Quick Recipes and Easy

How to Cook A Cactus Pear

Cactus pear, or prickly pear, grows in many places in the United States as well as throughout the Americas, and not just in the arid places where most cacti are at home. I know people who use cactus pear for landscaping in North Carolina, Georgia, Virginia and other such places that are anything but dry.

Given its wide range and ease of growing, not to mention its abundance in the wild, I’m surprised that it doesn’t show up in more recipes than it does. Perhaps it’s the difficulty of harvesting the cactus pads that deters most would-be cooks.

You can find cactus pear pads in many Mexican specialty grocery stores, or tiendas, where you may find it under the name of “nopal.” When chopped up and added to dishes that you may find in a Mexican restaurant, the pieces may be referred to as “nopalitos.” The scientific genus name, covering some 250 species, is opuntia.

Even if you choose to harvest some prickly pear pads from a plant growing in your yard, it’s worth the extra effort. Truly, it is a versatile plant that can be prepared in a huge variety of tasty ways. Scientists are also learning that it has many health-giving properties.

When collecting cactus pads, whether from your yard or from the wild, be sure to wear thick gloves to protect your hands from the spines and from the hairlike growths called glochids, which can really irritate your skin. Try to pick only the young, tender pads, which will be glossier and greener than older ones.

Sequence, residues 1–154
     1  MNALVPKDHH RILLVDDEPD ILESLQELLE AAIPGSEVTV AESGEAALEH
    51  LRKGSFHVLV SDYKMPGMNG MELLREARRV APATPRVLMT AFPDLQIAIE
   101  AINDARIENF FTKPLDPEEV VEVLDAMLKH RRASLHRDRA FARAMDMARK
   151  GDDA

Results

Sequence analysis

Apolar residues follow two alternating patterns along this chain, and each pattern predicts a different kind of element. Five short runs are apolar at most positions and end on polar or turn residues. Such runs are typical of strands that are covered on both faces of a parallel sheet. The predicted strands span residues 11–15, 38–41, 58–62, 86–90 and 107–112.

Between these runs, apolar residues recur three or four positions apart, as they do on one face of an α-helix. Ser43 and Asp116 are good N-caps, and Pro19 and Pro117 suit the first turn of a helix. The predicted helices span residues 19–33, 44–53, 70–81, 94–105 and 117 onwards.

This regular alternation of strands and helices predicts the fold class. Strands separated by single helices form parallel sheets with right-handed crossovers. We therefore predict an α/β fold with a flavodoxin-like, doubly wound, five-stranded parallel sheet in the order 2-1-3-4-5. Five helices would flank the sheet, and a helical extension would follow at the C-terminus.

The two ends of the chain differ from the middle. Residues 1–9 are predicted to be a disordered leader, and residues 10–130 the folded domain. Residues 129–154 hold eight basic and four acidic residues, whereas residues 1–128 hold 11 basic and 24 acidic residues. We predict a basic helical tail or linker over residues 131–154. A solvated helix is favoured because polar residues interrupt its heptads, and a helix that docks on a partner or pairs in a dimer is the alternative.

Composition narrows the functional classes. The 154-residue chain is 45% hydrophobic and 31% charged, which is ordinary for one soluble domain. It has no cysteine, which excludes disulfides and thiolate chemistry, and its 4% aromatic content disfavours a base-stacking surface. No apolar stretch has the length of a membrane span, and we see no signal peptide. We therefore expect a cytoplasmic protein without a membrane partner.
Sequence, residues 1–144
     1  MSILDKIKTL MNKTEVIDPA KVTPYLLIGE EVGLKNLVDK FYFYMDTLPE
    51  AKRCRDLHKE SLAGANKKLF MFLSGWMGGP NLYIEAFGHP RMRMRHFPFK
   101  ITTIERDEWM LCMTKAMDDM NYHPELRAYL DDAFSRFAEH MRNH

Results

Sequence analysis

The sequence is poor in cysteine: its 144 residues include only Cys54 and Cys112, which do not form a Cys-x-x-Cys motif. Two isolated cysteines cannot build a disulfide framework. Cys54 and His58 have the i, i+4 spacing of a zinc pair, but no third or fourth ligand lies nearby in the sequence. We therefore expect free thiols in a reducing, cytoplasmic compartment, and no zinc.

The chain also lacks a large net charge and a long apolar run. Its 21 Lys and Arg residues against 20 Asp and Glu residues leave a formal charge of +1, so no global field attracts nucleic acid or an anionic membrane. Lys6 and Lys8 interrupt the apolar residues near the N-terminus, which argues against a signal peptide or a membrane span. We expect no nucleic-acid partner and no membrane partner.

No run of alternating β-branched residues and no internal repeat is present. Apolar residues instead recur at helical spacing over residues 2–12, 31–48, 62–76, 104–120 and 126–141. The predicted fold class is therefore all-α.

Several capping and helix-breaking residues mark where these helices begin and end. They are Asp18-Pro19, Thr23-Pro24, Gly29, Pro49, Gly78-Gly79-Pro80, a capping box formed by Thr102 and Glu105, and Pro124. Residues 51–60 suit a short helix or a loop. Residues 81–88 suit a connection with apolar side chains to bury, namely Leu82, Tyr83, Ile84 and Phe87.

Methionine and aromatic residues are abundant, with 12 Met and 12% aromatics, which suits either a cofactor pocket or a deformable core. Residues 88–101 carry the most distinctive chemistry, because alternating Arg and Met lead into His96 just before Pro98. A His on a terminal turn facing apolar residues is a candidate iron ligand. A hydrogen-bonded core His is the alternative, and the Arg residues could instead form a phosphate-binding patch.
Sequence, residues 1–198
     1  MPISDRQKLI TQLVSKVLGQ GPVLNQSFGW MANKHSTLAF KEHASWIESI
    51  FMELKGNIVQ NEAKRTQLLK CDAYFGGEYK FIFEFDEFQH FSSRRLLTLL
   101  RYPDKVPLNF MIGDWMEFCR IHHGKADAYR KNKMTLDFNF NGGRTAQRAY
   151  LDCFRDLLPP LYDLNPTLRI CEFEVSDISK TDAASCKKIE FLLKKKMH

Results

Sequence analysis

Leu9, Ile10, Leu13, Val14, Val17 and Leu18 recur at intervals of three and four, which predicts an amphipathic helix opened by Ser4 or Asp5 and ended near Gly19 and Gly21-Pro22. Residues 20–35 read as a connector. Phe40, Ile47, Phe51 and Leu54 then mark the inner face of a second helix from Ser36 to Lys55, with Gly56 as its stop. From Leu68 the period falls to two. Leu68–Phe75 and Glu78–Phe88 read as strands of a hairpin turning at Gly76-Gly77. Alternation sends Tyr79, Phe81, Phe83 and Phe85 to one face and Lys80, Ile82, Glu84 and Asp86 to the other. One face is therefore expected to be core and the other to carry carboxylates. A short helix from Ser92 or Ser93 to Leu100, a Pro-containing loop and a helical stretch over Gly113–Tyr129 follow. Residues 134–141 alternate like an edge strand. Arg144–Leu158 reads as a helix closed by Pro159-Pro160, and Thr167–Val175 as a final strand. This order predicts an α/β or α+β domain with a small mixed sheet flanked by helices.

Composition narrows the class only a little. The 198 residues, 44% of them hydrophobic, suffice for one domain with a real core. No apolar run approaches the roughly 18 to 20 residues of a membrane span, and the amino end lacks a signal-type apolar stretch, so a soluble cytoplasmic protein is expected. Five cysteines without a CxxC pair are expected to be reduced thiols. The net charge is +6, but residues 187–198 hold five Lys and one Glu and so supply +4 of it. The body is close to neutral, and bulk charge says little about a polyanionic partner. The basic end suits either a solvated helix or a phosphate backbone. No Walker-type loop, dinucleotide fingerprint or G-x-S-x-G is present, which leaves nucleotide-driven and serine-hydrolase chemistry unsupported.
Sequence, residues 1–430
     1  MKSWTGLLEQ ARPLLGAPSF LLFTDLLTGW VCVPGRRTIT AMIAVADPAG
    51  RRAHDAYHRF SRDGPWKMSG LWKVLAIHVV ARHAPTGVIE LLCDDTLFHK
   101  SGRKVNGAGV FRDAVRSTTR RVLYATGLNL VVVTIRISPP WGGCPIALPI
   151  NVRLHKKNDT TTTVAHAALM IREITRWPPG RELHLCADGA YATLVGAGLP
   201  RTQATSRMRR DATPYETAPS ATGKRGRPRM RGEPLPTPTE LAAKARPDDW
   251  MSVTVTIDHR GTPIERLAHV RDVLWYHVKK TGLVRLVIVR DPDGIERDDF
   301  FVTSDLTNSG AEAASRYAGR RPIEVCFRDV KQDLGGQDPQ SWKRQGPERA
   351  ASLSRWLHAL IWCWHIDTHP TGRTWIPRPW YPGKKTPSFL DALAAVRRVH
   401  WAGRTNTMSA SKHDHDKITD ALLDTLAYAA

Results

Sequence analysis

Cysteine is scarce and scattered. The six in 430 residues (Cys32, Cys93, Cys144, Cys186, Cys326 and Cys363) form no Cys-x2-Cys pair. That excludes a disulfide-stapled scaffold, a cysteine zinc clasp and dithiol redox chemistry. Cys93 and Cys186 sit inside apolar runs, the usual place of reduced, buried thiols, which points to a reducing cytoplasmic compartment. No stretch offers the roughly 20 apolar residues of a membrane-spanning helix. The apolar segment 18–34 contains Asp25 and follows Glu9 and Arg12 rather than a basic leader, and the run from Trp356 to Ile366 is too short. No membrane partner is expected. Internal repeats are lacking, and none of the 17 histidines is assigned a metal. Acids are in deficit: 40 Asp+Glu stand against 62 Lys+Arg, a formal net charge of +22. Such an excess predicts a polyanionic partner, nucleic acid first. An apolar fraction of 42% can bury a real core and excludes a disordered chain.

Remove the spines and glochids by carefully peeling the pads. Once they’re peeled, you can even eat the pads raw if you want. Try chopping them into small pieces and adding them to salads, where their taste will be somewhat like that of green peppers.

To cook cactus pear, bring a saucepan of water to a boil. Peel and slice a couple of excellent-sized cactus pads and drop the slices into the boiling water. Reduce heat and let cook for about 20 minutes. Remove from heat and drain. Now you can add butter and any favorite seasonings (powdered garlic is fantastic!) and serve.

You can also sautée cactus pear chunks in a skillet. With or without seasoning, they will make an fascinating side dish to any meal.

A well loved dish in the southwestern U.S. and parts of Mexico is an omelet made with cactus pear pads. Again, just cook the chopped cactus pads in a skillet and add it to the egg batter for the omelet.

As you can see, cooking with cactus is not as formidable as it might seem to those who are unfamiliar with this plant’s long history of use in cuisines from the south of the border. Try it!

Sarah Sandori is the food and entertaining columnist for the solid-gold.info/index.html Solid Gold Info Writers Consortium. Have you ever wanted to be able to exactly duplicate a favorite dish from a favorite restaurant? Check out Sarah’s article where she reveals her secret source for the most mouth-watering restaurant recipes in America: solid-gold.info/most-wanted-recipes.html solid-gold.info/most-wanted-recipes.html

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